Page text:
Shrub Advice; 5 - 9' tall, evergreen, green, red berries

drrich2(6)January 17, 2010

Hi:

We've got a back yard about 200' long & 120' wide, at the edge of town. I'm working on a shrub list to run down one side. The fence (home-made with treated posts, boards and farm wire) is ~ 5'4" tall. Southwestern KY, Zone 6.

Starting at the front corner, I've got 1 Golden Euonymus bush, then another 7.5' down, then 4 Emerald Green Arborvitae 7.5' down (spaced at 4' centers, to rise up & block the view of a neighbor's dog kennel), then 2 more Golden Euonymus bushes at 7.5' intervals. (Way down toward the far end are 2 Crepe Myrtle bushes).

I wanted to put 2 Heavenly Bamboo at 7.5' intervals, but found out they're a danger to dogs & we've got 3. 1 link on the topic:

http://answers.yahoo.com/question/index?qid=20080806134618AAoIze2

(I had another link, but evidently that site triggers GardenWeb's spam filter, so I can't link you to it directly).

I'm considering 2 Pyracantha 'Mohave' instead; hopefully upright. I'm not enthused about the thorns, though.

'Winter Red' winterberry (a type of holly) looks like a good choice; might use it, but it's deciduous. All other things being equal, I like lush greenery during winter, not that barren 'dead look' the country side acquires.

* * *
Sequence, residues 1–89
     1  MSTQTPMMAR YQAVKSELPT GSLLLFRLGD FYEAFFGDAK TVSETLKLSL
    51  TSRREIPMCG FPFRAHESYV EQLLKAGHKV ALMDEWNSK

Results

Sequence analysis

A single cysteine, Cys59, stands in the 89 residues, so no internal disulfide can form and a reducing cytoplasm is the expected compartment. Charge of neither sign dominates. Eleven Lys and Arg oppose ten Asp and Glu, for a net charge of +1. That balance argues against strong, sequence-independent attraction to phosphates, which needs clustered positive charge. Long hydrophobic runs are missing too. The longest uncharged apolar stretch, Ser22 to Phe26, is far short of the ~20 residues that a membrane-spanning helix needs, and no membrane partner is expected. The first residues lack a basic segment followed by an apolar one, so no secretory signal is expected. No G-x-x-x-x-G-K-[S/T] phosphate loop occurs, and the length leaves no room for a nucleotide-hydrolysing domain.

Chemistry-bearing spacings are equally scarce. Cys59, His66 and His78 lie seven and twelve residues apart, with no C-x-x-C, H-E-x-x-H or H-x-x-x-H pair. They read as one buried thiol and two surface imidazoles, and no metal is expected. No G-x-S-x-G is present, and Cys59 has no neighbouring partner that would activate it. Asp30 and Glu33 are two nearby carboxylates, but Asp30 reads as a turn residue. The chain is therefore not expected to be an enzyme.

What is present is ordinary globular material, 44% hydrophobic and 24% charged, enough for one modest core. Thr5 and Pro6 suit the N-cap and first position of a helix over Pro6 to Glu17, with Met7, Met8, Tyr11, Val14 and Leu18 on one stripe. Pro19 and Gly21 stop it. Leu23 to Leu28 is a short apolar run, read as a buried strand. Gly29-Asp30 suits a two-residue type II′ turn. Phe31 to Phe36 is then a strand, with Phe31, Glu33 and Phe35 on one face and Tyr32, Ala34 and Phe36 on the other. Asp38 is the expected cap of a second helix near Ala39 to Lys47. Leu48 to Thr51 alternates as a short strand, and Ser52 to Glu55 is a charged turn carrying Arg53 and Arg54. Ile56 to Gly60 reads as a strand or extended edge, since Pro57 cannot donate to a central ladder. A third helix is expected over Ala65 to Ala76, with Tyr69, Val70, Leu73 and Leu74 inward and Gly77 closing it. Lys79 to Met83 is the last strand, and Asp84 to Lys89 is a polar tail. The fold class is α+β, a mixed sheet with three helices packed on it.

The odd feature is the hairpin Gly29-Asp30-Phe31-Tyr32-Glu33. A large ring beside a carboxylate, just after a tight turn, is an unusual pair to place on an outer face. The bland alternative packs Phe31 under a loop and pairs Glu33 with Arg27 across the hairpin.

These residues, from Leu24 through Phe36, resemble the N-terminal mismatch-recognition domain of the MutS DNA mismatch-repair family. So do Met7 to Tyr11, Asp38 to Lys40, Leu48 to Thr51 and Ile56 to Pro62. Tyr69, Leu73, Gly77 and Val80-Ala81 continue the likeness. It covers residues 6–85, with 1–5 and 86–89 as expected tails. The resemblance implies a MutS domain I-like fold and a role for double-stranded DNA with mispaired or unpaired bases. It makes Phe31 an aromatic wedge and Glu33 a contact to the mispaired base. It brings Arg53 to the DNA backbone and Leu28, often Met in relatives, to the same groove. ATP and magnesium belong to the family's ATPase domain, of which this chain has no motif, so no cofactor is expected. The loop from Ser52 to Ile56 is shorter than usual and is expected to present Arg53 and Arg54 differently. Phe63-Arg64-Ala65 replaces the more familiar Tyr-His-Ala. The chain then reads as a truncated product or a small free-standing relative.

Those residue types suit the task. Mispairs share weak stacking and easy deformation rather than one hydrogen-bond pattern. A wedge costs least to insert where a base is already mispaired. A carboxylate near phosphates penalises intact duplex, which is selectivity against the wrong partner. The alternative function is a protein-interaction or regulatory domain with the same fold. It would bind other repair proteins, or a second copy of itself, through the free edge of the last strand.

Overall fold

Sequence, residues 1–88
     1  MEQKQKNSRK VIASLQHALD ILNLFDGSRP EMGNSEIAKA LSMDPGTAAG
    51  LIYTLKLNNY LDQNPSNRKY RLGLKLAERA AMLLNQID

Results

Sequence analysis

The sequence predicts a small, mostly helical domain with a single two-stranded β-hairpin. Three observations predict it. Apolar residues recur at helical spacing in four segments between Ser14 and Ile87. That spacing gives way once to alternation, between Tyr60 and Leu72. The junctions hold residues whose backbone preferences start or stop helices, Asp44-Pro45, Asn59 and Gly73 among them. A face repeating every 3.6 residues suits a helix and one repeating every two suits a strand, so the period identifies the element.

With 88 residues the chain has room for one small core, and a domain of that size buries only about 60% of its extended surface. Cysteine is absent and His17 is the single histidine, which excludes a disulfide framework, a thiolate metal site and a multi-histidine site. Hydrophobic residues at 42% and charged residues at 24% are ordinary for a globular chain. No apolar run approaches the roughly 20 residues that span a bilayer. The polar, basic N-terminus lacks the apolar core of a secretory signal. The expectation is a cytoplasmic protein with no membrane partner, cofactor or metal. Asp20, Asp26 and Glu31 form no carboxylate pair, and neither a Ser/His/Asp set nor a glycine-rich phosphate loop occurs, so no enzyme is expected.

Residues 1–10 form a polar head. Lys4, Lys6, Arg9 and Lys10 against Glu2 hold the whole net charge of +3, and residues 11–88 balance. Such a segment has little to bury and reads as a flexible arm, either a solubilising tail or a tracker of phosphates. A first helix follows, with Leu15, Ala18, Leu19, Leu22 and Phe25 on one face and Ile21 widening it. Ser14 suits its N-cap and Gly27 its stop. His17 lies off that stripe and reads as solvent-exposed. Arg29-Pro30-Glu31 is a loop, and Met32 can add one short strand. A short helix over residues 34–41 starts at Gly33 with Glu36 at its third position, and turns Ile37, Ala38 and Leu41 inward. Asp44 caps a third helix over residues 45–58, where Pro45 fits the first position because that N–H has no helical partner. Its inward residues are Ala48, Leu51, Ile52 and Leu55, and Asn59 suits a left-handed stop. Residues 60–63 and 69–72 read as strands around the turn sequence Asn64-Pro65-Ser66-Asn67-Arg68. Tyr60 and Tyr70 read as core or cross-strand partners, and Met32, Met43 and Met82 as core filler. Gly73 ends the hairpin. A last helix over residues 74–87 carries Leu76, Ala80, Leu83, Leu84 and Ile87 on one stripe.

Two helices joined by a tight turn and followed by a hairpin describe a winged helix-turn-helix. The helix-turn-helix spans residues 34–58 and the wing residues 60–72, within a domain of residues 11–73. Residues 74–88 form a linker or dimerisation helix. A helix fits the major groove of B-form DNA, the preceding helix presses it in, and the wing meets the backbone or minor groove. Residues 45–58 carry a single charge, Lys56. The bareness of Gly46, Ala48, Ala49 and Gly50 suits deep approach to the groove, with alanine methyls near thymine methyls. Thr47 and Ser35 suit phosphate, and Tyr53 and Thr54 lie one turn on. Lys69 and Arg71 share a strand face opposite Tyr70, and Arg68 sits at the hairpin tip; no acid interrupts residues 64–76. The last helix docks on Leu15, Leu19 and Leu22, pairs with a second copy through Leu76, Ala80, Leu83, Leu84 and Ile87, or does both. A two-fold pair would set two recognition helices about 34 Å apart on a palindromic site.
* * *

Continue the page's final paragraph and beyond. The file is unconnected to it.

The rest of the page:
Is there perhaps an EVERGREEN holly with a pyramidal (not round) form reaching 6 - 8' tall (but not 20 or 30!) with pretty bright red berries that doesn't have prominent thorny leaves (such as could stick our Jack Russell's when he runs the fence row after my neighbor's 4-wheeler)?

I know holly berries are toxic, but the risk of serious harm seems mild. Heavenly Bamboo seems more worrisome, which is a shame since I'd like to've tried some.

I've got some other shrub plans for further down; Tatarian Dogwood 'Argenteo-marginata/Elegantissima,' & Roseglow Japanese Barberry (yeah, some thorns; wonder how bad?). Thanks is advance for your help!

Richard.

P.S.: Here are some pics of our backyard, taken over time, to give you some idea what we're working with.

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laceyvail(6A, WV)

Look at some of the evergreen viburnums--Prague, 'Allegheny', 'Green Trump'. Also, if your soil is acid, look at some of the big rhodies, many of which do okay in full sun. And consider non evergreen viburnums for the spring show and the berries, none of which are toxic to dogs.

    Bookmark   January 17, 2010 at 6:09AM
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whaas_5a(5A SE WI)

Kudos to you for lining the fence with shrubs...I'd rather take a hot poker in the eye than look at a bare fence.

    Bookmark   January 17, 2010 at 2:11PM
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laceyvail(6A, WV)

BTW, if hiding the fence is your goal, you'll do much better with a very deep shrub border--at least 15 feet, and face down some of the larger shrubs with smaller ones. It will also look more attractive.

    Bookmark   January 18, 2010 at 6:22AM
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esh_ga

Is there a reason why you want to limit some of them to 9 feet tall? A mixed border can be very nice and having a few taller things would add to the effect.

    Bookmark   January 18, 2010 at 12:39PM
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drrich2(6)

Hi:

I've not been impressed with the look of viburnums in online pics; might have to rethink them.

I have thought about evergreen Rhododendrons and might use some. Our soil pH is fairly close to neutral, as I recall.